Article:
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Jacco Gardner’s Cabinet of Curiosities

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Breathe in deeply. Four counts in, eight counts out. Didn’t that feel nice? That breath of fresh air was Jacco Gardner’s Cabinet of Curiosities. If you’re on spring break, about to be, or just crave the sounds of a warmer time, then this is the album for you.

Cabinet of Curiosities is equal parts mellifluent and whimsical. Many can tell you off the bat that Netherlands native Jacco is a multi-instrumentalist, but that does not even begin to capture the sheer talent that pours out of his fingertips for each track.

Taking cues from The Beach Boys’ Pet Sounds and other psychedelic bands like The Zombies and The Hollies, Jacco Gardner has created a sound for the summer, dense and all-surrounding as if it were recorded in an echo chamber.

“Clear the Air” is almost unreal in its present-day existence; the harmonies and chorus lock you into a state of familiarity where you’d swear that you’ve heard this song before—that’s how timeless and perfect it is. The record is never, ever in any danger of growing stale. “Watching the Moon” grabs 60’s baroque pop and waltzes with the genre. The title track is a surreal instrumental suite peppered with sounds of water droplets and baby coos. “Cabinet” even sounds like a movie theme, drunk with pattern and color.

A thorough and loving evocation of late 60’s psychedelic pop, folk, and rock, Cabinet of Curiosities is full of discoveries to be made, lush with layered tracks like “Chameleon” and “Lullaby” that build and surprise. Jacco Gardner has accomplished something wonderful here with a finesse that seems beyond his years.

Jacco will join Turbo Fruits at The Earl on March 10th.
8pm
Tickets: $8 (get them here!)

CD Reviews

Transistor-on Takes “The Way Back Down” on EP

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Transistor-on calls their goods “fuzzed out reverb music,” and in the spirit of post-rock, EP The Way Back Down is full of that melodious texture and sensation. Recorded at The Cottage with Damon Moon, The Way Back Down is a mere four tracks. But those songs make a satisfying sampling of a band with a big future ahead.

Atlanta duo Joey Piersante and Chris Armistead offer up a hazy fugue state that is the blueprint for this coming summer, showing that they can run with the best of the lo-fi crowd with their unique rhythms and finger-picking. The minimalist use of instruments that whip up the dream poppy wall of sound succeeds in taking the listener in a layered, chill journey.

Tracks like “Calling Out” and “Solar Flare” are so catchy (the former with its title refrain; the latter with its main guitar melody), that they etch onto your brain and trick you into thinking these are songs that have been around for maybe 20 years or so already.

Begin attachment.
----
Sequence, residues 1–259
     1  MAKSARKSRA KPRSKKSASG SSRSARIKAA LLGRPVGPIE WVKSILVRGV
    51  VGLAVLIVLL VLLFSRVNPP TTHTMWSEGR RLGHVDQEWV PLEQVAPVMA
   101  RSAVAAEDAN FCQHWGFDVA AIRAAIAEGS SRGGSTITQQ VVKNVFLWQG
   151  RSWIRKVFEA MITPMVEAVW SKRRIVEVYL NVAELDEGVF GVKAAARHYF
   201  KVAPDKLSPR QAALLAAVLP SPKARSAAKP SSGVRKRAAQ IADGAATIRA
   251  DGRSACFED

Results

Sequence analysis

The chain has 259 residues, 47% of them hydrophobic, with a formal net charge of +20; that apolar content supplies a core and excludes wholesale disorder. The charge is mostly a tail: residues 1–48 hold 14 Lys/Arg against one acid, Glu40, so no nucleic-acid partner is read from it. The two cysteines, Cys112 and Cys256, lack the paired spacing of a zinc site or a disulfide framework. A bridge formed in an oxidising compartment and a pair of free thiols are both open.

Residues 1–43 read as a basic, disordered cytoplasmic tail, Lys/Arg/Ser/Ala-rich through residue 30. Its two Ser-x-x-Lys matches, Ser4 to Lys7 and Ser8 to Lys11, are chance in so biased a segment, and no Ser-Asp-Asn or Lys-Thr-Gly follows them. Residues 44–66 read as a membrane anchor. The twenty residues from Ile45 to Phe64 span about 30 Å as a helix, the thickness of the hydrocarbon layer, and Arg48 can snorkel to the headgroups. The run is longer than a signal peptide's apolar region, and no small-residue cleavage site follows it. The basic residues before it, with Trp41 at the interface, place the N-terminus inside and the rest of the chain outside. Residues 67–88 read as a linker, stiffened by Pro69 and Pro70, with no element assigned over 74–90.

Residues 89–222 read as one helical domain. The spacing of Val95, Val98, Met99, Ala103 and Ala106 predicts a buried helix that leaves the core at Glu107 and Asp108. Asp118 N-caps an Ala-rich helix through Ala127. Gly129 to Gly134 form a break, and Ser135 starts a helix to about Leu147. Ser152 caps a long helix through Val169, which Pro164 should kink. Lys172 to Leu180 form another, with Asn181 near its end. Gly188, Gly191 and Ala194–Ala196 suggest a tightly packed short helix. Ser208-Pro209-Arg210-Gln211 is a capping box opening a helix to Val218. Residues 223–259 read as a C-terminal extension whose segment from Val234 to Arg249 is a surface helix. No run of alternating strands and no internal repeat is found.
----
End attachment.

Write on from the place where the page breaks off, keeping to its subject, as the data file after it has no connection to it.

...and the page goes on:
Reviewers are throwing out comparisons—and they’ll continue to—of Transistor-on to Explosions in the Sky. The similarities are there for sure; both bands share a genre, after all. But saying only “they remind me of Explosions in the Sky” overlooks the fact that Transistor-on are stepping out in earnest on this EP, sounding comfortable in their skin without being jaded. Plus, having smoky vocals on the tracks adds to the spacey miasma and mystery that serves as the overarching feel of the record. The singing on “Empty Planet,” for example, highlights the track’s slow burn into its rocking guitar-driven crescendo.

Though the last piece on The Way Back Down is called “Exit,” by no means is that a harbinger of the band’s future. Transistor-on closes with a sure-footed tapestry of distortion and crisp rhythm, wrapping up a consistent and skillful release that definitely marks their arrival.

The Way Back Down is available to stream on SoundCloud or for purchase on iTunes. The gorgeous photo cover by Richard Casteel.

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Muse “Drones” Review

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Emily Hearn Saves Time in a Bottle on “Hourglass”

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Emily Hearn’s sonic journey on Hourglass shows that she is a woman coming into her own, figuring out the knots of past heartache, the bliss of newlywed life, and the passage of time.

Time acts as the overarching narrative on the record; Hourglass spans the two years following the Athens, GA native’s debut Red Balloon and 2013 EP Promises. “We fall in or out of love as time moves us,” she explains. “We learn life-changing lessons as time goes on. We figure out how to handle important relationships as time shapes us. We decide who we want to be and what we believe as time reveals our priorities. And ultimately, we grow older as time goes by.”

Hearn sings wistfully “Oh, to be young, and to have time” on the third track “Oak Tree,” longing for the naïve feeling that time would never move forward, or at least not so fast. She frets over seeing her parents age so quickly. The existential worries of a twenty-something come delivered in a package of a catchy, infectious chorus and clap-along-able melody.

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